Months ago I made up two sets of Mini Mundus Books which I really liked doing and I liked the finished result but they are £25 for a kit yielding 84 books. This works out around 30p per book; so not a financial possibility for the quantity I need. Also, I can't have a library filled with the same sets of books.
If you want to see those books click on Mini Mundus which I hope will take you to the post. Failing that click on 'library' label in left margin of blog and scroll through those posts until you get to it or find it by date order of posts - 25th August 2015 (wow, so long ago)
Off I toddled to search on line for free printies for 1/12ths. I know there is ton of that stuff out there so I easily found and saved a few likely pages and I began mass production. So off to step one of bookmaking as per me.
Download the printie and print on ordinary A4 paper.
I then coated the print with matt Mod Podge to stiffen the paper, protect the print and give a slight sheen to the covers. I do find it makes the inkjet ink run but I don't think it matters for this purpose as nine tenths of the book will never be seen again - in reality this will be 500 book spines I am making!!
When it was bone dry I cut out the covers.
I began filling the first couple of books with long strips of copy paper which I concertina folded and glued into the book. I find concertina folding fiddly at this size as it needs to be spot on accurate for a good result. The alternative method was to cut double page size pieces, fold in half and glue those together to form the inners.
This worked fine but the process needed to be speeded up. Thinking about the Mini Mundus set and the speed and ease of filling covers with balsa wood I searched around for something the right thickness for my printies. Out came old faithful - the grey cardboard.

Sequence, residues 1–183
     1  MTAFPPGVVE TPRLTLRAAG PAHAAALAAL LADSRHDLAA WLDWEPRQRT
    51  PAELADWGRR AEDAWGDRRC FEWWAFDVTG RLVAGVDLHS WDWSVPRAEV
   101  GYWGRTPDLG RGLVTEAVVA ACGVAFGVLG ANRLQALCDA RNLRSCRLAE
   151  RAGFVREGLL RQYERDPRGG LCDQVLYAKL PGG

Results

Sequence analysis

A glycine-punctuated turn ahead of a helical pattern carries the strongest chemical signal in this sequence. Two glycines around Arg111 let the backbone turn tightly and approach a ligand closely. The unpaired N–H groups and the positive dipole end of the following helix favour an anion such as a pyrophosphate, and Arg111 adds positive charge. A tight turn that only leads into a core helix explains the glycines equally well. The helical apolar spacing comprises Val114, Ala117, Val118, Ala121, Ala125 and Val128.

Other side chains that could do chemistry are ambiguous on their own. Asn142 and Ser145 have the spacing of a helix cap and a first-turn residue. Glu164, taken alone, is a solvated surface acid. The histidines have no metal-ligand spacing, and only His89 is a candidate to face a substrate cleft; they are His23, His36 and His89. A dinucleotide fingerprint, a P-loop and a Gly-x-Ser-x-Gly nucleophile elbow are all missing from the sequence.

The appearance of the end result again doesn't matter for my purposes - loose pages obviously look better than the cardboard but neither will ever be seen.
There was also a downside to the ones with pages in - they stopped the books staying neatly closed.
I intend to glue sets of books together to make them easier to load onto the shelves. They are not things of beauty but hopefully with some nicer books mixed in here and there they will do the job - Elizabth is collecting 17th and 18th century texts after all so scruffy is fine!
On my searches I also paid (!!) £1.91 to download this music book printout. I am going to make a set of six to stack in the music room somewhere.
|Concertina fold and glue|
|Mod Podged the cover|
|I made better corners on the next books|
I came across a lot of nice maps in the free printies so I decided to do a page of those too. This time no Mod Podge was involved but I did paint the back of the paper with a mucky coloured water colour wash to get rid of the bright white paper. When bone dry the maps were rolled around a toothpick and relaxed a little, then re-rolled, not too tightly and not all the same. The roll was fixed with a spot of glue and stacked (for now) in a book box. They look good beside the library desk.
PS: If you do ever have this book challenge - look forward to it.... no, really. By day two I had found ways of speeding up the mass production process and found I could make little groups of books in very quick time as long as each book didn't need to be a perfect specimen which, of course, they don't. Let go of that requirement and you end up with great looking little groups of books that look just perfect on the shelves of a bookcase.